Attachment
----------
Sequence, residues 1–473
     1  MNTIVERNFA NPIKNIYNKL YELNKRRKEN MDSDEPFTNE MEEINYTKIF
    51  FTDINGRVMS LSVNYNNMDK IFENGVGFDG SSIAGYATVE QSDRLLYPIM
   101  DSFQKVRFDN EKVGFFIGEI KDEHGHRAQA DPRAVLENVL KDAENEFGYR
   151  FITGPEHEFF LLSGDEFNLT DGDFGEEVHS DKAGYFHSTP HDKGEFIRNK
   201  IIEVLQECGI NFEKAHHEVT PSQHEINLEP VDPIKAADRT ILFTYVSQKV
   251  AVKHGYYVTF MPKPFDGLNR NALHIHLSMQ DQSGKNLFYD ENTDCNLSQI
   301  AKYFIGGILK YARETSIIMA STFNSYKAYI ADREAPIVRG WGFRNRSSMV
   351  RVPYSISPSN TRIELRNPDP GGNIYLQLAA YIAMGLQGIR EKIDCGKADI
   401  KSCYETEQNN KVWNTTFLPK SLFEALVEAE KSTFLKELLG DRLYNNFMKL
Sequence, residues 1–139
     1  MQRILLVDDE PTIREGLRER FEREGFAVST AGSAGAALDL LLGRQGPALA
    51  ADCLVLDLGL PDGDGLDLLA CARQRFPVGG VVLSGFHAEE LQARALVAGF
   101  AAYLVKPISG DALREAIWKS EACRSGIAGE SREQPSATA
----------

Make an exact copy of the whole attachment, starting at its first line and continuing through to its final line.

Sequence, residues 1–473
     1  MNTIVERNFA NPIKNIYNKL YELNKRRKEN MDSDEPFTNE MEEINYTKIF
    51  FTDINGRVMS LSVNYNNMDK IFENGVGFDG SSIAGYATVE QSDRLLYPIM
   101  DSFQKVRFDN EKVGFFIGEI KDEHGHRAQA DPRAVLENVL KDAENEFGYR
   151  FITGPEHEFF LLSGDEFNLT DGDFGEEVHS DKAGYFHSTP HDKGEFIRNK
   201  IIEVLQECGI NFEKAHHEVT PSQHEINLEP VDPIKAADRT ILFTYVSQKV
   251  AVKHGYYVTF MPKPFDGLNR NALHIHLSMQ DQSGKNLFYD ENTDCNLSQI
   301  AKYFIGGILK YARETSIIMA STFNSYKAYI ADREAPIVRG WGFRNRSSMV
   351  RVPYSISPSN TRIELRNPDP GGNIYLQLAA YIAMGLQGIR EKIDCGKADI
   401  KSCYETEQNN KVWNTTFLPK SLFEALVEAE KSTFLKELLG DRLYNNFMKL
Sequence, residues 1–139
     1  MQRILLVDDE PTIREGLRER FEREGFAVST AGSAGAALDL LLGRQGPALA
    51  ADCLVLDLGL PDGDGLDLLA CARQRFPVGG VVLSGFHAEE LQARALVAGF
   101  AAYLVKPISG DALREAIWKS EACRSGIAGE SREQPSATA